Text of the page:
Once again the columnist Xolela Mangcu was choked by emotion at the inauguration of the new president. In his Weekender column he noted how "A tear came to my eye when Zuma was sworn in." Once again the DA has been excluded from the chairmanship of the Standing Committee on Public Accounts as punishment for its ‘hostile' approach. And once again the ANC's attack dogs have been unleashed on the leader of that party.

There are a number of lessons from that 1999 period, which are applicable to the current situation. The first is that the past conduct of politicians remains relevant to assessing their behaviour, even after they are elected to the highest office in the land. There was nothing in the worst of Mbeki's conduct post 1999 that had not actually been presaged by his actions before then.

The prevailing sentiment in the media appears to be that the accession to power in some way washes away a politician's past wrongdoings and misdemeanours. The truth is: the opposite is generally the case. Rather than moderating them, power is far more likely to turn a politician's flaws into pathologies. This is especially the case if the media abrogate their duty of watchfulness (as they largely did in 1999).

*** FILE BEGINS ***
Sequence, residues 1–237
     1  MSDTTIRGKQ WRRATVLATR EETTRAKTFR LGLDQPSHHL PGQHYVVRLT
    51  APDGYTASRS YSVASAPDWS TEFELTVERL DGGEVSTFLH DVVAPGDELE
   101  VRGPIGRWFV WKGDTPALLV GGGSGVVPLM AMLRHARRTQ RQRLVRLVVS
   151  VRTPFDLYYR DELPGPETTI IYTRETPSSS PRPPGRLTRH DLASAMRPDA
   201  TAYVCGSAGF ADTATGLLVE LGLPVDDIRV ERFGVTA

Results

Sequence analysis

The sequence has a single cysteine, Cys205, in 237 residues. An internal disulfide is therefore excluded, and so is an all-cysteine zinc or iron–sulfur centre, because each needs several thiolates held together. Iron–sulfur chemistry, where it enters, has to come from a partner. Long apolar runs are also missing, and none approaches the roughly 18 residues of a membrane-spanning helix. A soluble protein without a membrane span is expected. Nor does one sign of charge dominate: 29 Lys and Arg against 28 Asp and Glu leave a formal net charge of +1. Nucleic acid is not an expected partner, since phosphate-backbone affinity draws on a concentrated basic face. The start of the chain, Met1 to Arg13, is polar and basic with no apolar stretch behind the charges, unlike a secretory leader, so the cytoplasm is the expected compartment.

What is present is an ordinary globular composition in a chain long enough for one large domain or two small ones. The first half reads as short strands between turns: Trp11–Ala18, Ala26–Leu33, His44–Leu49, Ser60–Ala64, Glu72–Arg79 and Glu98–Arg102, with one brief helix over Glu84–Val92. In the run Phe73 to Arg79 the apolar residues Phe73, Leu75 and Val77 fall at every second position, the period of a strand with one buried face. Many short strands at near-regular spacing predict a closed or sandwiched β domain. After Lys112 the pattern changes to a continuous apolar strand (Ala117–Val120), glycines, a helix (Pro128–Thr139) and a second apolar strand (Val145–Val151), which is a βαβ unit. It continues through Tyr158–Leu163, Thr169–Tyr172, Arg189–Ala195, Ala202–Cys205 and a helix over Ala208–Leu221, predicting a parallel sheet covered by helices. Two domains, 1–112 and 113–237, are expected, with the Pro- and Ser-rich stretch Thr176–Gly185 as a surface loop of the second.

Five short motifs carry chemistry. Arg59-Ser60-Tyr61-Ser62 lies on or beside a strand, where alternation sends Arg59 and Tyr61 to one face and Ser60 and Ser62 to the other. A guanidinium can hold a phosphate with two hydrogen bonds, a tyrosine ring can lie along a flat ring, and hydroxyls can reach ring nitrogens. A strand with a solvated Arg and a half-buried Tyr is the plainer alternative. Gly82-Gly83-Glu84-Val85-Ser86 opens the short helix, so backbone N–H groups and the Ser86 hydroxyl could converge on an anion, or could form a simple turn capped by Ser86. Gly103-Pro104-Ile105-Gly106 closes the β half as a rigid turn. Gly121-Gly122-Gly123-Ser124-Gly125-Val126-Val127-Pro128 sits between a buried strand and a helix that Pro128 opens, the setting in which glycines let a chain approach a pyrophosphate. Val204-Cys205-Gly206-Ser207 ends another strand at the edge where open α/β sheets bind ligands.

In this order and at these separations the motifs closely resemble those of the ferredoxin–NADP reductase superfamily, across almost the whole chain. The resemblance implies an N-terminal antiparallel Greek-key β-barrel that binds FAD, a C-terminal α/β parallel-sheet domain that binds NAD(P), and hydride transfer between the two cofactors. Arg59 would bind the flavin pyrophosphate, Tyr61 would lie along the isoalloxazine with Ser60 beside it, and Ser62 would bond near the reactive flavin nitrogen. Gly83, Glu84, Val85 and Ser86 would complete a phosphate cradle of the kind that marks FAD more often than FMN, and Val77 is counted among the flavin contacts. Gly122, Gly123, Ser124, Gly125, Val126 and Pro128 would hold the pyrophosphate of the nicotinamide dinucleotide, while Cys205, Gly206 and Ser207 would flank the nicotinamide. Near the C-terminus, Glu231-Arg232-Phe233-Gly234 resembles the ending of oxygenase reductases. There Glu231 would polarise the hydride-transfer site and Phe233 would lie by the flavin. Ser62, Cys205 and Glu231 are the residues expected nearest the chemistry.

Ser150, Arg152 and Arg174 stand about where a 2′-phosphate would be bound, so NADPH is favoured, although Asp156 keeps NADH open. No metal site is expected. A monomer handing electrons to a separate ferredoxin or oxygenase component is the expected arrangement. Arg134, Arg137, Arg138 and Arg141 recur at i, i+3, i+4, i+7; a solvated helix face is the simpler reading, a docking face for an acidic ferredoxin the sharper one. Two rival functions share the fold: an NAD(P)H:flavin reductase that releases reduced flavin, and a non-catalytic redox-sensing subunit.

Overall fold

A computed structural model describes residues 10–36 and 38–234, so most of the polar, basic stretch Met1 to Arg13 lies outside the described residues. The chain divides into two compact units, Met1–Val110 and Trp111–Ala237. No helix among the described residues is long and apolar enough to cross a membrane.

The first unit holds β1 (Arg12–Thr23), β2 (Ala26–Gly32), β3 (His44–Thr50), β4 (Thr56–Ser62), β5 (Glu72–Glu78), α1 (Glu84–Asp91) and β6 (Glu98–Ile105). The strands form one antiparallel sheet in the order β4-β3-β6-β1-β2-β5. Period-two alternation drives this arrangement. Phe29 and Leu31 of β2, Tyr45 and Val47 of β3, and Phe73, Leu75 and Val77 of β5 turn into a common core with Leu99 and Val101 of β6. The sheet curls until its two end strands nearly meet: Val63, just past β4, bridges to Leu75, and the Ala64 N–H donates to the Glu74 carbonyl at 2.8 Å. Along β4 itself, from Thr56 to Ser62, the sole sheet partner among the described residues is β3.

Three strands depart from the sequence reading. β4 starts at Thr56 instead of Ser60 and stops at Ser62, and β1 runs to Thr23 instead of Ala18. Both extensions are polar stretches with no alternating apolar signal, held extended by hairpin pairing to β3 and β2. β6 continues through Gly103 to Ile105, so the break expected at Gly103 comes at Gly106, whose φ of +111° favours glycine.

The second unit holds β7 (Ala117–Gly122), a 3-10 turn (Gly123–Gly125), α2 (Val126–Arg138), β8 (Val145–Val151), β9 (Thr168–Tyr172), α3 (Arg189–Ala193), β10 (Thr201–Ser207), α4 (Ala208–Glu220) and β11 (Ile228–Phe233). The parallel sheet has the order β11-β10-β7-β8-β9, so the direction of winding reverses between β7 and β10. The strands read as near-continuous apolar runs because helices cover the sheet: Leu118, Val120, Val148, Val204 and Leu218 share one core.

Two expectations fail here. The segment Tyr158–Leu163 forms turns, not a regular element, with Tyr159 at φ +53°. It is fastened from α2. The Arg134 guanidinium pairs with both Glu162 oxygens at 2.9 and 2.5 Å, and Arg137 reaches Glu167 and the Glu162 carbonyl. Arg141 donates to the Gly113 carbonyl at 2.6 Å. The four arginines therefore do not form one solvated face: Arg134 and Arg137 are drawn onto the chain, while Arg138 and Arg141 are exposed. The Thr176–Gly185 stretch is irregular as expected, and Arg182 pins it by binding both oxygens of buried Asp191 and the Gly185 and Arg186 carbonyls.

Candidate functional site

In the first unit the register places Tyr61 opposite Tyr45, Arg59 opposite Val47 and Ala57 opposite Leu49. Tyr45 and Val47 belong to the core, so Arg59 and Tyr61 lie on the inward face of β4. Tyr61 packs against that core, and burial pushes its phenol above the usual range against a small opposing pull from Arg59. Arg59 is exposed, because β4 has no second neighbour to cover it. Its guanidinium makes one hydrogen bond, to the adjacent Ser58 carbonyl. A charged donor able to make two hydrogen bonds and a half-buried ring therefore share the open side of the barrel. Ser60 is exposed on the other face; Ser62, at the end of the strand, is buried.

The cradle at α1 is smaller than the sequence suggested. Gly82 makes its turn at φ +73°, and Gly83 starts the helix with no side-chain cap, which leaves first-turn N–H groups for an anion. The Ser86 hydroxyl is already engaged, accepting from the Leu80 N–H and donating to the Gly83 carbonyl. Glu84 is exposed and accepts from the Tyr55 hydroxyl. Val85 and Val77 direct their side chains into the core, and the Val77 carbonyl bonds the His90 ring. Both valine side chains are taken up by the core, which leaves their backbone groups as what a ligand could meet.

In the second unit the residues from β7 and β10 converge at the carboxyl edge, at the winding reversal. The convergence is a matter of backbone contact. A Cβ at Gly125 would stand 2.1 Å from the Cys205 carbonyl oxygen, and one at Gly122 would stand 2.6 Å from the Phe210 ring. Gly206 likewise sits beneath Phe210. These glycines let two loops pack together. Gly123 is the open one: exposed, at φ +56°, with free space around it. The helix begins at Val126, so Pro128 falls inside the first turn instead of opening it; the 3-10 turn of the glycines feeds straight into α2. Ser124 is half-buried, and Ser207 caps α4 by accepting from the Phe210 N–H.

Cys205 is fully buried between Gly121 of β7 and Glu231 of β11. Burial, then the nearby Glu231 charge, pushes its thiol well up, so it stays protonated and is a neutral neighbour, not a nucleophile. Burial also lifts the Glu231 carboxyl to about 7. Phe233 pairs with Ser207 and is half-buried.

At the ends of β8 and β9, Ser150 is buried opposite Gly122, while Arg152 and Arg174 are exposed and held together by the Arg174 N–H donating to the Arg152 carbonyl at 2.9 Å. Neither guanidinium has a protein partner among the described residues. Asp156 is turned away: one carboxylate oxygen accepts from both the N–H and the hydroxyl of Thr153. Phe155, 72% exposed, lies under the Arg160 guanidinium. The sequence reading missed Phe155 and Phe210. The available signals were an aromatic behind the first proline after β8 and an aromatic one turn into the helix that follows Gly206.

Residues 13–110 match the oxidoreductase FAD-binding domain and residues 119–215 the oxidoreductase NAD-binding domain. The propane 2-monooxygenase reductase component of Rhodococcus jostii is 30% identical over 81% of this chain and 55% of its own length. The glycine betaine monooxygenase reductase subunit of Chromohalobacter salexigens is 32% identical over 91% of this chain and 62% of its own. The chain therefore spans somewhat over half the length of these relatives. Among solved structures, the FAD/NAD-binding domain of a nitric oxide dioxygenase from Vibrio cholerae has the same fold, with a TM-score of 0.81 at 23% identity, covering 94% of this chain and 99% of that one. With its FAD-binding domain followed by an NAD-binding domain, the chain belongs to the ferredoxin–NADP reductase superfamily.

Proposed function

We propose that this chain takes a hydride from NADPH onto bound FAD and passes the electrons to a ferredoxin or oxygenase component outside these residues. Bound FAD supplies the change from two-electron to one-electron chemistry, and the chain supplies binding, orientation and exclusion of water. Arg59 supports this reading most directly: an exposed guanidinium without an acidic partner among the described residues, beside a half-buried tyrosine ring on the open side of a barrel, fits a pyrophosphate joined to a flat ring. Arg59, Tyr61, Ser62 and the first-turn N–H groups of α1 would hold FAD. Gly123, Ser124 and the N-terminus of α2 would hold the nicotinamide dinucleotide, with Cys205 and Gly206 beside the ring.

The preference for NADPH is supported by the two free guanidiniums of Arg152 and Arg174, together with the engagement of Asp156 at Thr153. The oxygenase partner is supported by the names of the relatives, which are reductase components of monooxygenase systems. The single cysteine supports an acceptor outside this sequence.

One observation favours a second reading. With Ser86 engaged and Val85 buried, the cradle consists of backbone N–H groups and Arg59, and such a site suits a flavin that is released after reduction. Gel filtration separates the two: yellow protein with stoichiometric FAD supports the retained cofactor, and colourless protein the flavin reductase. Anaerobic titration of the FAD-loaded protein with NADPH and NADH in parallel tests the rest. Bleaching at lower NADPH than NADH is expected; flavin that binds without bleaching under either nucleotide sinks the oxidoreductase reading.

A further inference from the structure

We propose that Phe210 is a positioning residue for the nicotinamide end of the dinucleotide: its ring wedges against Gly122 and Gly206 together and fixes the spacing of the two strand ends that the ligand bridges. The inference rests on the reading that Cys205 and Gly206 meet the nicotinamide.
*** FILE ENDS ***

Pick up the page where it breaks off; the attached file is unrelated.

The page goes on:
The second is that attack dogs can only operate with the connivance of their political masters. In 1999 Mbeki's hidden hand was rarely seen behind the attacks upon, and subsequent misfortunes, of his opponents. Now it is generally accepted, not least by Zuma supporters, that it was there all along.

The MKMVA and ANCYL are both constitutional structures of the ANC, headquartered in Luthuli House. Julius Malema may have a rush of blood to the head and label Zille a "racist little girl" once out of his own volition. But if the Youth League use that language a second, and then third time, it is very unlikely that they are acting without the tacit approval of Jacob Zuma (the ANC's formal distancing notwithstanding).

The third is that it is necessary to distinguish between the surface complaint and the underlying principle at stake. In 1999 what was at issue was not actually whether the DP was ‘neo-Nazi' but whether it (and anyone else) had the right to criticise and oppose the ANC of Mbeki.